Despite its sporty market positioning, the manual shift in BMWs of this era isn’t the short-shifting affair you find in a newer 3-Series, but back in the day it was perfectly acceptable. These cars tend to suffer with a vague, sloppy shift action as the bushes in the lever and shift linkage wear, but being a low-mileage example this is one of the best I’ve tried and the shift action feels nice and tight despite the longish throw.
The 325i is less torquey but happier to spin up than the larger six-pot BMW units found in the 5 and 7-Series and it’s this which gives the 325i its lively character. In manual form, it’s a pretty brisk car even by modern standards and offers an engagement which is lacking in the more sophisticated BMW E36 and E46 generations. The 325i was criticised by contemporary road testers for its relatively low-geared steering, but in reality it’s perfectly acceptable and at speed on the motorway does make for more relaxing progress.
It’s perhaps the slightly tail-happy nature of the car – especially in the wet – which made those ’80s road testers wish for a quicker rack. The semi-trailing arm nature of the rear suspension gives the E30 traditional rear-drive handling and in the dry, a sure-footed and predictable nature… but on iffy tyres on a greasy surface it can catch out the unaware driver. Much like the Mazda MX-5 though, it’s safe and predictable within sensible limits and if it does break loose then the chances are you’re already aware you’re pushing your luck.
As a modern classic though, the 325i acquits itself really very well, having more than enough pace to keep up with traffic and parts support which is excellent. How does it compare to Mercedes’ first attempt at cracking a market which until then BMW had kept to itself?
Mercedes 190E 2.6
By the late 1970s, Mercedes was no doubt well aware that a range consisting of two big saloons, a coupe, one roadster and a utilitarian off-roader was a pretty narrow offering. Expanding downwards was a logical move, but the project was developed around a central brief that none of the traditional Mercedes values should be compromised in the drive to create a smaller, more efficient car.
Chief among these was the legendary strength and crash safety of the firm’s cars and some advanced engineering was used including the use of high-strength steel in crucial areas to achieve passive safety equivalent to the much larger S-Class. Impressively, this was achieved while keeping overall weight down to just 1180kg in the basic model which despite the car’s visual bulk is on a par with the BMW.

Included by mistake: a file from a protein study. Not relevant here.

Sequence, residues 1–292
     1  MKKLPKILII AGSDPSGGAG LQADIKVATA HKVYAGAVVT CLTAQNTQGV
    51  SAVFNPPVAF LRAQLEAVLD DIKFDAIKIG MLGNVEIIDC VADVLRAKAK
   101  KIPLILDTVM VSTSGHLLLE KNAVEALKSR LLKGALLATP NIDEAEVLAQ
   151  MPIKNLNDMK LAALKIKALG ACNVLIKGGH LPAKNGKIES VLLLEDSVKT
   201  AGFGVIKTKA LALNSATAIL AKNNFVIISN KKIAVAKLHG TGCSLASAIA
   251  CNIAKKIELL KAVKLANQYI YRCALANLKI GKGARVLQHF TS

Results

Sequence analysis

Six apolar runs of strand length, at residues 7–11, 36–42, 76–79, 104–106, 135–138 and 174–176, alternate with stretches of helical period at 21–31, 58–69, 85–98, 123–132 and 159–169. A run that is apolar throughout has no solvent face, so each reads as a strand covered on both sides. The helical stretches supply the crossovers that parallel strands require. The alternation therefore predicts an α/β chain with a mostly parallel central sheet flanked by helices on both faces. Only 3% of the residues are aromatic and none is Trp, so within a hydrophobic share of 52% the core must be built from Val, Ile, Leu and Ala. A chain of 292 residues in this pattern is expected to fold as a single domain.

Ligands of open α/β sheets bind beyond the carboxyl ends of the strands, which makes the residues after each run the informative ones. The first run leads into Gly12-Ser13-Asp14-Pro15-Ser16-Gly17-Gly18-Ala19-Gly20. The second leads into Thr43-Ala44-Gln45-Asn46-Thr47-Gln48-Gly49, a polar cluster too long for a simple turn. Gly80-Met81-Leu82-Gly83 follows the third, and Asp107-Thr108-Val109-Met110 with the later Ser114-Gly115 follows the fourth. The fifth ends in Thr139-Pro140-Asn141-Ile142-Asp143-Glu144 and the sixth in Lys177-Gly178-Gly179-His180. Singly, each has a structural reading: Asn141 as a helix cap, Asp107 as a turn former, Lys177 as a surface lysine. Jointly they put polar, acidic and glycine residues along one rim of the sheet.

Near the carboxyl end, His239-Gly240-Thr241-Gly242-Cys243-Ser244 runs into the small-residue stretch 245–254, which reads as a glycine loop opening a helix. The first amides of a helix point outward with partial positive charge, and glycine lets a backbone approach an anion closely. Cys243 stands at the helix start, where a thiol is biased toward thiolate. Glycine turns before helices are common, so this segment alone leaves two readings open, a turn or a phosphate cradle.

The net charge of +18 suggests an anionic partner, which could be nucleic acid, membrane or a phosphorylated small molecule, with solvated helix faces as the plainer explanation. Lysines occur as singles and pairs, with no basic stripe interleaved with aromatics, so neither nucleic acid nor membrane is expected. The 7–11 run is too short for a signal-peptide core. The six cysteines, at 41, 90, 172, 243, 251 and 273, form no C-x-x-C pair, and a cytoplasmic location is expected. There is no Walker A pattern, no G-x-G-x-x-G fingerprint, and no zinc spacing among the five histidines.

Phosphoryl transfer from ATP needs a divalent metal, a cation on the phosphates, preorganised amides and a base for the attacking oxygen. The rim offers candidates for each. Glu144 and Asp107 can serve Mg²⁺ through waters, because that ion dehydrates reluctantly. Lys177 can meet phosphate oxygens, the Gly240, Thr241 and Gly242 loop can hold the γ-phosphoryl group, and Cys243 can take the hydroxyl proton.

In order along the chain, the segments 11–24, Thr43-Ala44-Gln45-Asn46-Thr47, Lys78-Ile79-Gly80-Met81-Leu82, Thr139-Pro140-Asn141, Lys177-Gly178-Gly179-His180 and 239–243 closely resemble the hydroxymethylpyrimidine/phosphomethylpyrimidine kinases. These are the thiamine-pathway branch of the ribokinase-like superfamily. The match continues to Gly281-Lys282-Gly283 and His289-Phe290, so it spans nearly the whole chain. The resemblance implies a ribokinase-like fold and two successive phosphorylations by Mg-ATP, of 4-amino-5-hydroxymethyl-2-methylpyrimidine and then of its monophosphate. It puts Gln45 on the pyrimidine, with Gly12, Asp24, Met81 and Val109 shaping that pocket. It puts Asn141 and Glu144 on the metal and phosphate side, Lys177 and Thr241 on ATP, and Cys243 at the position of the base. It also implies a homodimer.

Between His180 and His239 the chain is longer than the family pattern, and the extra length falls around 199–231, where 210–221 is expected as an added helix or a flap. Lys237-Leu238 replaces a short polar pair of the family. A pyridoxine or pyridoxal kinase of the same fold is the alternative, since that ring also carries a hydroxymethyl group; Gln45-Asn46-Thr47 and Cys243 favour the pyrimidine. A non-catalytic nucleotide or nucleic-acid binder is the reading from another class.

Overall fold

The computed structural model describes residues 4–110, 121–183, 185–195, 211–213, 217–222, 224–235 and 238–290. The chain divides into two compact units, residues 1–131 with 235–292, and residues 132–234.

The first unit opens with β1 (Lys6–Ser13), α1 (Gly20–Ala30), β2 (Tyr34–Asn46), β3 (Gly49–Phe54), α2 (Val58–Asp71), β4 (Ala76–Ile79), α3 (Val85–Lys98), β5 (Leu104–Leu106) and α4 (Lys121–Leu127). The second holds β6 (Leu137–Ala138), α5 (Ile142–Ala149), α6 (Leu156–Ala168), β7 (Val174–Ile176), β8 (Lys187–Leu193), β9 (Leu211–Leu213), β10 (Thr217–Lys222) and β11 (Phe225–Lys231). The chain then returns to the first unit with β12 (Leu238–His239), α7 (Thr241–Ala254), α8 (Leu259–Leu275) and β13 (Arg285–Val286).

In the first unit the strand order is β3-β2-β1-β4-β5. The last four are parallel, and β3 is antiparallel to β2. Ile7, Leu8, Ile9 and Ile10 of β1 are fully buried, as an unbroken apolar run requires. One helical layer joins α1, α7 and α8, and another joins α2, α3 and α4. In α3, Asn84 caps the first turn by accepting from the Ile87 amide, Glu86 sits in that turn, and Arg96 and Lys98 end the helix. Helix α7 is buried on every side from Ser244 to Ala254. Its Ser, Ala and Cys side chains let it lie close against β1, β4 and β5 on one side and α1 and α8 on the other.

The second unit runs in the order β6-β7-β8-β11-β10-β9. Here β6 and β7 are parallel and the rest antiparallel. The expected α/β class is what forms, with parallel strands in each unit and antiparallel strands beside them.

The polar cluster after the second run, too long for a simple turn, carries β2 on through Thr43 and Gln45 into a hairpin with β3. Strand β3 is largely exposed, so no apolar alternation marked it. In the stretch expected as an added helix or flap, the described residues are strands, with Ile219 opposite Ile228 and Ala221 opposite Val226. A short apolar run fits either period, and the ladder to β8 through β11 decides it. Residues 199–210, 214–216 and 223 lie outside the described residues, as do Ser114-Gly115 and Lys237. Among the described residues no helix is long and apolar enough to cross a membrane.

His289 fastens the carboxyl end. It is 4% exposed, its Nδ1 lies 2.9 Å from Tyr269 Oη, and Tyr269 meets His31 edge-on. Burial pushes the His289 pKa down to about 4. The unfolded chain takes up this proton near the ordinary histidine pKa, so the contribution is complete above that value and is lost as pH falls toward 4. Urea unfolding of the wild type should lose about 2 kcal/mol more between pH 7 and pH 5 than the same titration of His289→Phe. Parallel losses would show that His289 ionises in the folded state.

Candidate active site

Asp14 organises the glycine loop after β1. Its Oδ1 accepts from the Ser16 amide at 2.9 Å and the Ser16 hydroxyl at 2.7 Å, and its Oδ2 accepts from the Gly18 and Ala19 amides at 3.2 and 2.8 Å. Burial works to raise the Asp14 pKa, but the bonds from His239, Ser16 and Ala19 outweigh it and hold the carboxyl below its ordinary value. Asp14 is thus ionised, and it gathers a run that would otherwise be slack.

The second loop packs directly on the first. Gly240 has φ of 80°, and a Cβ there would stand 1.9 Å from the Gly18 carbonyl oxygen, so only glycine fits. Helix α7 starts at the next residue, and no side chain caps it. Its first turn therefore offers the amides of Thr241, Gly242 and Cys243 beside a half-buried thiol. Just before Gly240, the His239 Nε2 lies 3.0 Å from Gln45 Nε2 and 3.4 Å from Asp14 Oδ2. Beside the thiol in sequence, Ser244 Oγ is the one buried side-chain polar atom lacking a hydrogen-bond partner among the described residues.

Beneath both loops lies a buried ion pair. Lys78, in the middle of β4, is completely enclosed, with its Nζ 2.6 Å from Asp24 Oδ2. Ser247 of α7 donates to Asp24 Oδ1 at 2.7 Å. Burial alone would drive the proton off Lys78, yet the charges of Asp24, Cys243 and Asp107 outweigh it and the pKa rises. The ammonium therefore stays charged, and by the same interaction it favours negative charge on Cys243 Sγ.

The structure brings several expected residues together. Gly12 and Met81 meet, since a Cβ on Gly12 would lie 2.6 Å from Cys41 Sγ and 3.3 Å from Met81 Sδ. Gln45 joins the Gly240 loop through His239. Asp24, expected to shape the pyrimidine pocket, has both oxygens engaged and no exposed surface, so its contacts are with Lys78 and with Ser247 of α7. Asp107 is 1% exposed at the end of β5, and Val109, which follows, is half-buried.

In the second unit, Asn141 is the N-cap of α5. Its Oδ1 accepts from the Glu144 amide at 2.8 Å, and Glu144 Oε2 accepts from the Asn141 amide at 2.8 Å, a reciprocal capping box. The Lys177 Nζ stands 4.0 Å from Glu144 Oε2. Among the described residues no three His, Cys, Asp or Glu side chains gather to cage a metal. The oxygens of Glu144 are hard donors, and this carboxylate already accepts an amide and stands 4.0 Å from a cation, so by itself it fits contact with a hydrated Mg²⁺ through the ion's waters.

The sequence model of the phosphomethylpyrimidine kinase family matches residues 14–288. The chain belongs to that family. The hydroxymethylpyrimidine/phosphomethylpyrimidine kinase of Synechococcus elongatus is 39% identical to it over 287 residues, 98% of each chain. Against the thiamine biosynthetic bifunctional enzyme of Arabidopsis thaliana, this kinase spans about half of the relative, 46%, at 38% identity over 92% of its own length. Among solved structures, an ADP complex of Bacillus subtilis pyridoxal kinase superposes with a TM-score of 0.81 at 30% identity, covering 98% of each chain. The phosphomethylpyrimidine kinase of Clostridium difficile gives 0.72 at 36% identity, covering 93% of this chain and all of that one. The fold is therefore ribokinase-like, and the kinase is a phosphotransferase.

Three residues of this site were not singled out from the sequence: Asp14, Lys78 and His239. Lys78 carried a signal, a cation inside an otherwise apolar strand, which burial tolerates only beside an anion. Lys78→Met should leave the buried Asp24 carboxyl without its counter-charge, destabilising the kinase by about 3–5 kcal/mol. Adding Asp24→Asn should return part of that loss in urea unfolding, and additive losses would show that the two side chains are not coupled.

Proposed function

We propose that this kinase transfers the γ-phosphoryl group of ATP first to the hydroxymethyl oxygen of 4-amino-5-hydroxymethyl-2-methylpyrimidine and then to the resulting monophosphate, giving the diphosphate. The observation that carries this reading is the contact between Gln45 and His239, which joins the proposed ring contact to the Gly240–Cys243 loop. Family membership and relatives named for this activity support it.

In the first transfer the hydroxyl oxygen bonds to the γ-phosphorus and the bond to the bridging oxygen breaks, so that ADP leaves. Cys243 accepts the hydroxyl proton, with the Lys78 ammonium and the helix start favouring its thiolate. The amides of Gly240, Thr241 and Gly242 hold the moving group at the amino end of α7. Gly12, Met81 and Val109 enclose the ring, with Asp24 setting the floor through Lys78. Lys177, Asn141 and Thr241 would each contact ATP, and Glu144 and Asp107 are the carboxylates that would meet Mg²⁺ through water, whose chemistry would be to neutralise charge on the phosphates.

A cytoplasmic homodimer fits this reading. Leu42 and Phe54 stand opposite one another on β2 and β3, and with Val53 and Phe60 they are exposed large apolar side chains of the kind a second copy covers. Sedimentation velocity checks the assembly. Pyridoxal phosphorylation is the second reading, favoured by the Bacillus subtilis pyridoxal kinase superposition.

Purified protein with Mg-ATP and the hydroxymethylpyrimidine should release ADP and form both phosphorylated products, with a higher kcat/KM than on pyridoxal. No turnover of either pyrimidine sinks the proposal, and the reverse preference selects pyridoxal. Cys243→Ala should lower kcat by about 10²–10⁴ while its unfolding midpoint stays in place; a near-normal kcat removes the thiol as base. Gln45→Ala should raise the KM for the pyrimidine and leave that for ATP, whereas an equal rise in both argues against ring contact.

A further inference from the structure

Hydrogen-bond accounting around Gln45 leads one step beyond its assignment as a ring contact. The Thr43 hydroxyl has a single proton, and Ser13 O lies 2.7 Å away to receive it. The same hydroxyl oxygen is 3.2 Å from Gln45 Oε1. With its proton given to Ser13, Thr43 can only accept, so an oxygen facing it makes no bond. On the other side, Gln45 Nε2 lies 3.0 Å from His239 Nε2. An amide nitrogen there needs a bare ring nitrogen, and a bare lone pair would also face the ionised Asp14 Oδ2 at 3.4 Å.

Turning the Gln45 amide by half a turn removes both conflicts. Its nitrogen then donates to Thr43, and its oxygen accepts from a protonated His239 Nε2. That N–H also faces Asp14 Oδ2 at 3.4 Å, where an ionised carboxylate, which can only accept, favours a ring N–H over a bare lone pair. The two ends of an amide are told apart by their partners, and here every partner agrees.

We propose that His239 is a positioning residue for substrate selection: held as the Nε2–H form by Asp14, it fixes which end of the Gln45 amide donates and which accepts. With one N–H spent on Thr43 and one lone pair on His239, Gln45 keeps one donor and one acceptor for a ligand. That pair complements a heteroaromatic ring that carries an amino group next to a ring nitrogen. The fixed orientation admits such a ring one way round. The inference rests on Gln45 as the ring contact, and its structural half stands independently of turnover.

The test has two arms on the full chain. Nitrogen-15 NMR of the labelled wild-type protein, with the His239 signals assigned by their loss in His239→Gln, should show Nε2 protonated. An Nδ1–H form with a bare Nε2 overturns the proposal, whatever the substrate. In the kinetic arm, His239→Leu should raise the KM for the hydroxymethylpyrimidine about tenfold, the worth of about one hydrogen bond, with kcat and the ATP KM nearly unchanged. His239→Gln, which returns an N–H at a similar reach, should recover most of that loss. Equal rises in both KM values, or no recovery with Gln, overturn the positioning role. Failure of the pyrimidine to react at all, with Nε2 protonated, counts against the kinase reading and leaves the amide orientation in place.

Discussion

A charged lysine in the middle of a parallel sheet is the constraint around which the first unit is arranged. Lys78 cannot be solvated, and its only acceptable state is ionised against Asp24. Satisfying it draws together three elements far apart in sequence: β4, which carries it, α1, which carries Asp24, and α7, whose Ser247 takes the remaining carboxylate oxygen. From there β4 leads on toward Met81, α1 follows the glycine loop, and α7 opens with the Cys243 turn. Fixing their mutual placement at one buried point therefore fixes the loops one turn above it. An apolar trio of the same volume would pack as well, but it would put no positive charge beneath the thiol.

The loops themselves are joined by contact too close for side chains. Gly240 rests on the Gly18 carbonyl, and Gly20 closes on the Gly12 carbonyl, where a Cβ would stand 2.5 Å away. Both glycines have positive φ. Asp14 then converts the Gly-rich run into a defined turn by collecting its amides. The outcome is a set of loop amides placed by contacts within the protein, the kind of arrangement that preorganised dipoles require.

Speaking of which, Bruno Sacco’s style was a neat piece of work a world away from the dated appearance of the firm’s other cars of the time like the W123. Its neat proportions, slab sides and chiselled nose gave it a distinctively Mercedes family appearance with greater road presence than the 3-Series.
Rather curiously given the success BMW had already enjoyed with its six-cylinder 3-Series, the 190 was launched as the 90 bhp carburetted 190 and the 122 bhp Bosch-injected 190, both using the 1997cc M102 four-cylinder engine. It wasn’t until 1986 that a six-cylinder powerplant was added as the Mercedes 190E 2.6. Rated at 166bhp and 168lbf.ft torque, the single-cam Bosch-injected six was – unsurprisingly – close to the BMW in make-up and power output. Like the BMW, an ultimate performance range-topper was provided by a tuned four-cylinder, in this case the Cosworth-developed 2.3-16 and later 2.5-16.
Where the Mercedes did score over the BMW was its more sophisticated chassis, the 190E featuring a multi-link rear suspension providing five locating links for each rear wheel, the details of which were even patented by Mercedes.
Despite this, on first acquaintance the Mercedes feels more sober and grown-up than the BMW. It feels larger, for a start and the woodgrained dashboard gives it the ambience of the larger Mercedes saloons which is altogether less sporting than the BMW.
Firing up the 190E, drivers unfamiliar with ’80s Mercedes will be confused by the ignition key slot being to the left of the steering wheel but like the BMW, modern injection sees it fire evenly, hot or cold and it’s a smooth unit known to be robust.
It’s an illustration of the different market positioning of the pair that the six-pot Mercedes was more often ordered with the automatic gearbox in the UK. In fact it’s the transmission which is where the Mercedes falls down against the BMW, with the manual transmission being a notchy and slightly cumbersome affair while the automatic is smooth and refined but massively blunts the car’s performance potential.
One particularly odd feature of the unit is that it was designed to set off in second gear from a standstill, which makes the car seem particularly sluggish. Under a heavy throttle it will change down to first soon after pulling away but the result is pretty jerky progress which doesn’t really do the car justice.
When rolling this isn’t an issue and at speed the 190E is composed where the 325i feels slightly breathless, but it does take time to get used to the long throttle pedal travel. Typical of Mercedes models of the era, this can make the car feel less lively than it is, although the trade-off is that it is very easy to drive smoothly in heavy traffic.
Regardless of whether your 190E is a two or three-pedal version, its composure on a twisty road is impressive for a rear-drive car with its roots in the late ’70s. Like the BMW it benefits from quality tyres but is less twitchy in the wet and generally easier to drive hard, helped by the standard fitment for the UK market of the ‘ASC’ electronic locking differential.
Away from the driving experience though, one thing stands out above all with the 190E: like its bigger brothers, it feels brick-outhouse tough, from the way the doors swing closed to the way the 190,000-mile example in our photos doesn’t squeak or rattle over even the worst roads. Good though the BMW is, you won’t drive an E30 this solid.
This is a tricky one for fans of anything ’80s but ultimately is decided by the Mercedes being available only as a saloon. I’d be tempted to go for the 325i convertible or the handy Touring but if we’re comparing like with like then despite being a previous 325i owner, my vote goes to the Mercedes 190E. It’s slightly more spacious than the BMW, a touch more refined and ultimately just so very solid. In that respect, the original brief not to compromise those traditional Mercedes values does seem to have been carried through to production.